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Fix a global field $F$. Does every automorphic representation of $GL(n)$ appear as an arbitrary twists in the continuous spectrum of $GL(m)$, $m>n$?

What happens for the automorphic representations of $G$ reductive, do they appear in $GL(n)$ for $n$ big?

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2 Answers 2

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In general, I don't think that a representation of $GL(n)$ can be viewed directly as a representation of $GL(m)$ (for $m > n$), so it doesn't quite make sense to say that it appears in the continuous spectrum of $GL(m)$. What happens is that automorphic representations on $GL(n_i)$ (where $\sum_i n_i = m$) can be combined into a representations of $GL(m)$ via parabolic induction, and these will appear in appear in the automorphic spectrum of $GL(m)$. (See Langlands's article On the notion of an automorphic representation.)

Some, but not all, of these parabolically induced representations will be in the continuous part of $L^2$ for $GL(m)$. Roughly, the idea is that one can twist the representations of the various $GL(n_i)$-representations independently, and so the parabolically induced representations form a family parameterized by these twists. A certain subfamily will lie in the continuous spectrum for L^2$.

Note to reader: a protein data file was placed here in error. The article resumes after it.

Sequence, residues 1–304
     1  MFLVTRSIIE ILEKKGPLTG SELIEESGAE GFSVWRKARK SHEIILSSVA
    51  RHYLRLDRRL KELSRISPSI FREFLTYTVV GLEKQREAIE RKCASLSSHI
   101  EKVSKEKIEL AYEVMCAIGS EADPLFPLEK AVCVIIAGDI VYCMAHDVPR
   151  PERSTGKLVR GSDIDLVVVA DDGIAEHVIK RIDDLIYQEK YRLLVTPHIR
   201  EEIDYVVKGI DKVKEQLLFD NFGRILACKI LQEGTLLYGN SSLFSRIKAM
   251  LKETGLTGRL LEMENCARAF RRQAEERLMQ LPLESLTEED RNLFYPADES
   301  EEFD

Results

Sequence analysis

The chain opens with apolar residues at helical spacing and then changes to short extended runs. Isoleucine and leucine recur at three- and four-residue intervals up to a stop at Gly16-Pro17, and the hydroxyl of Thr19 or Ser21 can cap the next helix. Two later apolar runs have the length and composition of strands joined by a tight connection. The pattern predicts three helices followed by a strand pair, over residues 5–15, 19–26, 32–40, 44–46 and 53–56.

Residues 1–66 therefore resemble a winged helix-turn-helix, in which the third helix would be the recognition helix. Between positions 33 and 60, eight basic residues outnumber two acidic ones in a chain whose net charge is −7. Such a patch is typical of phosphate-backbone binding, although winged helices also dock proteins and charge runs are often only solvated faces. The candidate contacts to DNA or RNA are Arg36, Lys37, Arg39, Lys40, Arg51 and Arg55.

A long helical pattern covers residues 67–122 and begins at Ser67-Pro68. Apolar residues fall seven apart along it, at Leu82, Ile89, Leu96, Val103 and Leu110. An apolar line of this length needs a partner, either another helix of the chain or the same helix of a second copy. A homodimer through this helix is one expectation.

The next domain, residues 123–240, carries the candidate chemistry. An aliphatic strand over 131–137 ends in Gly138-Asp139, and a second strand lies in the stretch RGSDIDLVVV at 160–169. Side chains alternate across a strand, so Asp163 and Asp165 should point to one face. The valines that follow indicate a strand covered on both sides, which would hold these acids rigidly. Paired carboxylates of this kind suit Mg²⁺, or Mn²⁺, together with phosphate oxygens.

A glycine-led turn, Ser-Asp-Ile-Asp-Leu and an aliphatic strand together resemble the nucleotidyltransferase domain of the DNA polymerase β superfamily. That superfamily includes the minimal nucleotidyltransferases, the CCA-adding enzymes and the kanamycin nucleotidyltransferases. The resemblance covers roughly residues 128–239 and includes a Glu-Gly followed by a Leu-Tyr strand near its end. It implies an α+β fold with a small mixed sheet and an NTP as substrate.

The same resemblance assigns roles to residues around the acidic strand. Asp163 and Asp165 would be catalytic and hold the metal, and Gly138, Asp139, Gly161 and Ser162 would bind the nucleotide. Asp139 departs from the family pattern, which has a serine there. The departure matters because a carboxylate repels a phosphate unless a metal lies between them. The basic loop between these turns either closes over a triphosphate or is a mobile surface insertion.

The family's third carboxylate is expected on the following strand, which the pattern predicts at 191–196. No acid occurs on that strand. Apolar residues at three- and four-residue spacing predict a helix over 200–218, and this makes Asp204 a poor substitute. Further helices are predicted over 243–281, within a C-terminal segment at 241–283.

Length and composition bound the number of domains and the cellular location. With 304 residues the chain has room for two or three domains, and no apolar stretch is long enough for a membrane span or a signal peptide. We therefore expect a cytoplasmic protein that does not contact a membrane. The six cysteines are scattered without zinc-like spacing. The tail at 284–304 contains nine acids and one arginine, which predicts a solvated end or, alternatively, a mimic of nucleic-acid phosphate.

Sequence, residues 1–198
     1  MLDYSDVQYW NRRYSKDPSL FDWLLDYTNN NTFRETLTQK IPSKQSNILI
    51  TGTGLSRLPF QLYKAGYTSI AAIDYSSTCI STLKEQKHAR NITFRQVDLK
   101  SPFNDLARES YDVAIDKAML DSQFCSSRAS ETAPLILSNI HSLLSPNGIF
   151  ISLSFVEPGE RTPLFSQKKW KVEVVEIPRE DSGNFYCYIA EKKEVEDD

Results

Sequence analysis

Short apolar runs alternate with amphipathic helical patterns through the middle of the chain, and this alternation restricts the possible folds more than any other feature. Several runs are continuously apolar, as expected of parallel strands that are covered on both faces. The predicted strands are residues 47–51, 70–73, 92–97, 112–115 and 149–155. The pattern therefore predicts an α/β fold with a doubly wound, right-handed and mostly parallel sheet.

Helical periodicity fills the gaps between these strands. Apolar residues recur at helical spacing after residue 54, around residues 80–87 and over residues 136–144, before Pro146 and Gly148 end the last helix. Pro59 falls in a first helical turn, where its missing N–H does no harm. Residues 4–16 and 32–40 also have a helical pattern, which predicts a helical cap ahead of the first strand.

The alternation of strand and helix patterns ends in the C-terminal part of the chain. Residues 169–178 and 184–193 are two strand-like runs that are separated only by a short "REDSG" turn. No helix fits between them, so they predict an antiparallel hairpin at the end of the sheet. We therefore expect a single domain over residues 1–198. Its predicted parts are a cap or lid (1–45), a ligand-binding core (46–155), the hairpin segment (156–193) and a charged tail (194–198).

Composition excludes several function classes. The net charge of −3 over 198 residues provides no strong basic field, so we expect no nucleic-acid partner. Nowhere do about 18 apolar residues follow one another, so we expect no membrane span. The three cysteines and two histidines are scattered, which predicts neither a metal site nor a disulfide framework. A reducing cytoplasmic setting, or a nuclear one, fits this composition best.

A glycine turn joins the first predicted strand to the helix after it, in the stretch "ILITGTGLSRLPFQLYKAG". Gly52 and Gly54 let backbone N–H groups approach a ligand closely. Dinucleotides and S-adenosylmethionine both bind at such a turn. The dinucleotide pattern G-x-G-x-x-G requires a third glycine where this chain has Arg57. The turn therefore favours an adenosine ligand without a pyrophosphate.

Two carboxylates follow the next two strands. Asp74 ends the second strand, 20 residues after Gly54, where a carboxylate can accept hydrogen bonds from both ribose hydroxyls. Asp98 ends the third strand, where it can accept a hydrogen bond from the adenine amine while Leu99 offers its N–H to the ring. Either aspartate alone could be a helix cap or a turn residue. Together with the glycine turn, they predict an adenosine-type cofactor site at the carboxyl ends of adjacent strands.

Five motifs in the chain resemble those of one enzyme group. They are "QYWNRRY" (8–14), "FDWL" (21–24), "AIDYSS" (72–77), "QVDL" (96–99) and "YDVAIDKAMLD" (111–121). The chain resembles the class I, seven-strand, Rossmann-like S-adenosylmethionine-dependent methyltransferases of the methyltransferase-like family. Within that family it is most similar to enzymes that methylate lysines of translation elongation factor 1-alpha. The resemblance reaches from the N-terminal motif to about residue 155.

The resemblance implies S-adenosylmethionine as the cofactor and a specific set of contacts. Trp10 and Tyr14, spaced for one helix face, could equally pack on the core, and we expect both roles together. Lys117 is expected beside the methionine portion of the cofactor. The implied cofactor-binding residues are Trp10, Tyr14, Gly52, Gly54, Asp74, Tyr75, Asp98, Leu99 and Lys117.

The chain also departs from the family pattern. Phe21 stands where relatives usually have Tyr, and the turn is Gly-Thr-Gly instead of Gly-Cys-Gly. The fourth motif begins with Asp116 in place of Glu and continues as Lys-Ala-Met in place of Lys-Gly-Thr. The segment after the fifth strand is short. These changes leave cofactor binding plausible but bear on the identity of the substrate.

E.g. if we were inducing a pair of characters on $GL(1)$ to get reps. of $GL(2)$, the (suitably normalized) inductions of the unitary characters would lie in the continuous spectrum of $L^2$.

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In brief, the answer to your first question is "yes", and a reformulated version of your second question has answer "conjecturally, yes".

For the first, more precisely, Eisenstein series formed with automorphic cuspidal repns as inducing data appear in the spectral decomposition of larger GL(n)s.

For the second, it is part of Langlands' conjectures that all the L-functions for all reductive groups appear as standard L-functions for suitable GL(n). Not the literal automorphic functions or repns, but the "data" in a suitable sense.

There is a lot more that can be said...

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